Being Equal Doesn’t Mean Being Even

Being equal isn’t the same as being even. You can be equal in stature — though not in ability. The opportunity of freedom can be equal for everyone; but this does not guarantee (or require) equality of outcome.

Many people are dishonest about these facts. They resent the fact that they aren’t as capable or successful as others, in some respect. Instead of owning this feeling and stating it outright, they complain that things aren’t fair; or that equality has in some sense been denied.

This is perhaps the single greatest evil of our age. People are allowed to claim injustice when in fact : Some people are simply smarter than others. This is like holding a race and when the fastest runner wins, complaining that the rules were rigged — since everyone didn’t win.

None of us can be the best at everything. Most of us aren’t the best at anything. “Best” implies a tiny minority. That’s OK, and that’s how it is. If you are the best, you’re simply being yourself. If you aren’t the best, the world is still a better place than if everyone had the same (low or moderate) level of ability. The world rises or falls on the ability of the best to be the best. Why not applaud them rather than resent, criticize, or despise them?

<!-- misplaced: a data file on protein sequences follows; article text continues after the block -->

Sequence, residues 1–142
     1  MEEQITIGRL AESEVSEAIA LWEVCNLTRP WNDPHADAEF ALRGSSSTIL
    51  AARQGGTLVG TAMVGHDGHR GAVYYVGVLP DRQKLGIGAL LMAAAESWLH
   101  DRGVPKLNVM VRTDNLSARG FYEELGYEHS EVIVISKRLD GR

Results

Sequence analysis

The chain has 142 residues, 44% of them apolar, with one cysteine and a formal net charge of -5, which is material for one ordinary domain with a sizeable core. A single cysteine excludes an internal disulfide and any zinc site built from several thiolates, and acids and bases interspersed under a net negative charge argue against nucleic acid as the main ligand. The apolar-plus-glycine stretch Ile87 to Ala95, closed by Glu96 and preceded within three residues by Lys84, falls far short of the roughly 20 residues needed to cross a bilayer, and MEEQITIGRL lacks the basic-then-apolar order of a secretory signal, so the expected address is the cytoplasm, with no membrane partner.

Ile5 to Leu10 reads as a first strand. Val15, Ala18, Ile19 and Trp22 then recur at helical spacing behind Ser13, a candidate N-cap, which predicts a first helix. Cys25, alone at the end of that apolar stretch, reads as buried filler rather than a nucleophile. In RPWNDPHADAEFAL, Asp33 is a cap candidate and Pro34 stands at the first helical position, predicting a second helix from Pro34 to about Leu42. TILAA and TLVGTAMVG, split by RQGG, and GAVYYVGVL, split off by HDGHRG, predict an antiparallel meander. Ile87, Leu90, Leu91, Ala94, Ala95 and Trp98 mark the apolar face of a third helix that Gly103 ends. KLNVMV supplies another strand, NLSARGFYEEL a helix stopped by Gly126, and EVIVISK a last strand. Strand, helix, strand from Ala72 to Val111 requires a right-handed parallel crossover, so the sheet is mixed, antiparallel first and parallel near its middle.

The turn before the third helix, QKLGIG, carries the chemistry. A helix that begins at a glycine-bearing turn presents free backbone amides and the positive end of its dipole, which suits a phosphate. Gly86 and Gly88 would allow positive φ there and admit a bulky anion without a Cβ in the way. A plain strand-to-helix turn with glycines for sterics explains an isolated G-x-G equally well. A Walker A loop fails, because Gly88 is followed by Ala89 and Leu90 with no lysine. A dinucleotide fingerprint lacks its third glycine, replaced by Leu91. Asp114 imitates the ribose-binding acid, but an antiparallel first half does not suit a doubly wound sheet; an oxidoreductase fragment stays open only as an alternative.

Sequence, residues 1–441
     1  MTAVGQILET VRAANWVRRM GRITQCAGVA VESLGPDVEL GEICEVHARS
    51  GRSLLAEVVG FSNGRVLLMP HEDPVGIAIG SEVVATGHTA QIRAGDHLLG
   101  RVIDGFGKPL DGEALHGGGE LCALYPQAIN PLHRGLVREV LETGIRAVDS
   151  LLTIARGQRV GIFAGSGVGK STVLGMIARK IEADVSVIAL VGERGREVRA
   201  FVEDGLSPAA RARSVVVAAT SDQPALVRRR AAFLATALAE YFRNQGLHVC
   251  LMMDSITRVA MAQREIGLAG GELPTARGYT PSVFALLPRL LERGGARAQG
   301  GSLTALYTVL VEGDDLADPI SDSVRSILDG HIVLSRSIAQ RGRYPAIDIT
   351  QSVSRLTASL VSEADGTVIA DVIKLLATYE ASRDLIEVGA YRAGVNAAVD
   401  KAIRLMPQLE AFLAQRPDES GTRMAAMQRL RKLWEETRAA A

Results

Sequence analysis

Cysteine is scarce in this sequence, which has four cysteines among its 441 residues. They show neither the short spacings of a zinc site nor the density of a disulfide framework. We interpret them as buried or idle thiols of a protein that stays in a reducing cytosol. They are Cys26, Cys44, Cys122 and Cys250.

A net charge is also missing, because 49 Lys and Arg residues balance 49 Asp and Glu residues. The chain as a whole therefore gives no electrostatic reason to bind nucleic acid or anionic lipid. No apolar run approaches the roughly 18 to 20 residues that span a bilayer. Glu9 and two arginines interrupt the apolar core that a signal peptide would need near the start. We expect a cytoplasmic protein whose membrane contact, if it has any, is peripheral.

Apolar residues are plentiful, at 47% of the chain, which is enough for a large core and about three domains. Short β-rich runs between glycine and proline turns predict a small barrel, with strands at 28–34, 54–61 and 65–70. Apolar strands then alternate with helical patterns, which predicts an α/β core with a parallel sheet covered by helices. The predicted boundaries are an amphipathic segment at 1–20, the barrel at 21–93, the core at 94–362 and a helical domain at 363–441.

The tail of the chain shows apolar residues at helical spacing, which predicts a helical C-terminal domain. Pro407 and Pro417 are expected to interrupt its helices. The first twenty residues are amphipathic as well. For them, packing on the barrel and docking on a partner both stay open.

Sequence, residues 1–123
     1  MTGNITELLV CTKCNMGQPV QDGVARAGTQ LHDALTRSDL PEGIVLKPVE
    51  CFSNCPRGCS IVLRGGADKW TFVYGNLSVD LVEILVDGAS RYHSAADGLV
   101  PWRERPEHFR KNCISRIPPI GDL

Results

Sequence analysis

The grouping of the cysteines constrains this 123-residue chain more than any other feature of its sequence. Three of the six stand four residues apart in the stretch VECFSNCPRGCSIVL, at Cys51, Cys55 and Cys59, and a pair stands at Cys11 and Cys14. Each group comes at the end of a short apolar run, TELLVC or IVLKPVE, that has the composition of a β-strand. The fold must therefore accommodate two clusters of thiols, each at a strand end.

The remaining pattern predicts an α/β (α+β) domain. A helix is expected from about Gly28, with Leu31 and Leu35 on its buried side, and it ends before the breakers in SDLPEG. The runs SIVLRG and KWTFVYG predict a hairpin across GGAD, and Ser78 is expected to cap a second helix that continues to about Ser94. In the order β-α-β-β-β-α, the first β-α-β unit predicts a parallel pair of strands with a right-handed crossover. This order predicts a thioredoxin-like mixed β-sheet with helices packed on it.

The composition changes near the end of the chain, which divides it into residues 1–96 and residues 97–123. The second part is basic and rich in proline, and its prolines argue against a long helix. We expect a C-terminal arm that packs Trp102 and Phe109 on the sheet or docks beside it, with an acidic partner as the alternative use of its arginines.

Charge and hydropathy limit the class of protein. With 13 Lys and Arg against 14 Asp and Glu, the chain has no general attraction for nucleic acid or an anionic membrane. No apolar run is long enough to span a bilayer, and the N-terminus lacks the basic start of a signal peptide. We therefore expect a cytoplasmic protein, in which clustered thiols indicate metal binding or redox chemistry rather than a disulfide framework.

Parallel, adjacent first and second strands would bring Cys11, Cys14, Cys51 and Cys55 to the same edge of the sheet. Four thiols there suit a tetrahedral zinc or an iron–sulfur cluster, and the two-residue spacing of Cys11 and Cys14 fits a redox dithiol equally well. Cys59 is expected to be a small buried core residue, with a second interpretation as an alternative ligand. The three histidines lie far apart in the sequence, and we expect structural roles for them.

America was a special place, because more than any other civilization in human history, the best were celebrated and honored. They weren’t rewarded so much as allowed to be free to enjoy the consequences of their efforts and abilities. America is still like that in a few respects — sports, for example — but for the most part America is no longer like that. We seek to not merely “spread the wealth” but to punish success for daring to rise above the pack. Many of us speak and act as if abilities somehow should be “spread” around, as if excellence could be diluted and distributed among the masses. All I can say is the masses are in for a tough time when the able are no longer allowed to be able.